Therapeutic interventions to support the patient’s airway, breathing, and circulation should be initiated prior to the administration of naloxone.
So, where does Oklahoma stand in comparison to the US?
Explain graph and reiterate the fact that these are unintentional poisonings, as opposed to intentional or undetermined (e.g.; individual meant to take the drugs, but did not intend to kill themselves)
From 1999 – 2010 UP deaths increased fivefold
Both trend up – back in 1999 OK was actually lower, but we are higher every year after
Oklahoma rates are much higher—almost twice as high as the U.S.
To put into perspective - back in 1999, had 127 deaths and in 2012 had 707
More than 550 extra people dying each year from UP
Close to 2 deaths per day
UP surpassed motor vehicle crashes (MVC) in 2009, dropped slightly lower from 2010-2011, and surpassed MVC again in 2012
2012; UP- 707, MVC - 695
Four out of five of unintentional poisoning deaths involved at least one prescription drug. Of those deaths, nearly 90% were related to prescription painkillers.3
Oklahoma ranks in the top five for per capita distribution of many common opioids, such as: hydrocodone (Lortab, Vicodin), morphine, fentanyl, and meperidine (Demerol).4
More overdose deaths involved hydrocodone or oxycodone than all illegal drugs and alcohol combined.3
Adults aged 35-54 had the highest death rate of any age group for both prescription and non-prescription-related overdoses.3
31 percent of opioid-analgesic poisoning deaths were multi-drug combinations
State and community action items
11-minute video - Opioid Medication Safety: The Role of Naloxone
An overdose occurs when too much of an opioid, like heroin or Oxycontin, fits in too many receptors slowing and then stopping the breathing
Prior to the administration of naloxone by all EMS providers, all patients should initially receive the appropriate medical interventions to provide support of their airway, breathing, and circulation (ABCs)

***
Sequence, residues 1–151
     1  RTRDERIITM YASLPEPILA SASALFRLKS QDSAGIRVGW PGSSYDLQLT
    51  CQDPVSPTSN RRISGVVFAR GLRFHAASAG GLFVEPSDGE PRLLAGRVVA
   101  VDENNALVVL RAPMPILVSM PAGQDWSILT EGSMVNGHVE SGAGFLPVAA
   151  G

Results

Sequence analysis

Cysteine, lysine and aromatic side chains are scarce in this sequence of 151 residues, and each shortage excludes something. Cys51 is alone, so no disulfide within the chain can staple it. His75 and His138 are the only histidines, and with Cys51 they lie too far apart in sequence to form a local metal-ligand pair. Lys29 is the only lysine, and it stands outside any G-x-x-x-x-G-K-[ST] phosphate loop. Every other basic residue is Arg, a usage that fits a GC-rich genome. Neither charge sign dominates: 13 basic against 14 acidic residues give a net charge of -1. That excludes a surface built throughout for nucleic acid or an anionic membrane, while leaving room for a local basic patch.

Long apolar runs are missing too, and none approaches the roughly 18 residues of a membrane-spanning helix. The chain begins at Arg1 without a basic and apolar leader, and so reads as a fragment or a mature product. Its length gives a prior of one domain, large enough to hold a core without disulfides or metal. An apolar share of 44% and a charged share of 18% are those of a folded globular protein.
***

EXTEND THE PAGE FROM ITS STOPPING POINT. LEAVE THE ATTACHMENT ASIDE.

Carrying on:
Many life-threatening conditions other than opiate overdose can cause altered mental status and include trauma, stroke, sepsis, shock, dehydration, metabolic (chemical) imbalances, and low blood sugar. Each of these time-sensitive conditions require immediate intervention by licensed medical personnel and can be overlooked in patients with drug overdose if both conditions occur at the same time. Delayed appropriate medical diagnosis and intervention can result in permanent disability and even death.
All patients should be assessed for other causes of altered mental status and/or respiratory depression (hypoxia, hypoglycemia, head injury, shock, stroke)
The adverse effects following naloxone administration, particularly in chronic opioid users and abusers, may place the patient and bystanders at risk
Acute withdrawal can precipitate confusion and agitation, especially in patients that have combined the use of opioids with other substances. This could lead to violent confrontations with anyone that administers naloxone, including law enforcement.
Opioid addiction is associated with a multitude of associated medical and psychological problems including acute and chronic diseases, life-threatening infections, the risk for infectious disease, and severe and refractory pain that deserve proper evaluation and ongoing management by specially trained medical professionals.
The half-life of naloxone is relatively brief (as short as 30 minutes)
All patients who receive naloxone must be monitored closely for recurrent symptoms, including altered mental status, respiratory depression, and circulatory compromise
The incidence of risk factors increases when other substances such as alcohol, benzodiazepines, or other medications have also been taken by the patient
Check the body for any fentanyl patches, and ensure that none are in the mouth
There may be multiple patches
6-minute training video
Remind to be gentle when screwing in the medication vial.
As the person responds to either rescue breathing and/or nasal naloxone then place them in the recovery position.
This will help to keep their airway clear and prevent them from choking if they vomit.
Additionally, anytime you as the responder must leave the victim unattended you should always place the individual in the recovery position.
The medical director retains the authority to limit or prohibit the administration of intranasal naloxone or a naloxone auto-injector
The administration of naloxone by the endotracheal, intramuscular (exception via an auto-injector), or intravenous routes remains prohibited for EMRs and EMTs
3-minute naloxone training video
Number of Individuals Who Received Naloxone During More Than One (1) Event
No. of Events
No. of Individuals with Multiple Events
No. Who Died From Opioid Toxicity
Only those events that had valid identifiers (a valid date of birth and a first and last name) were considered.
There were 12,067 (92.36%) events that had valid identifiers.prescription and non-prescription-related overdoses.3
All patients who receive naloxon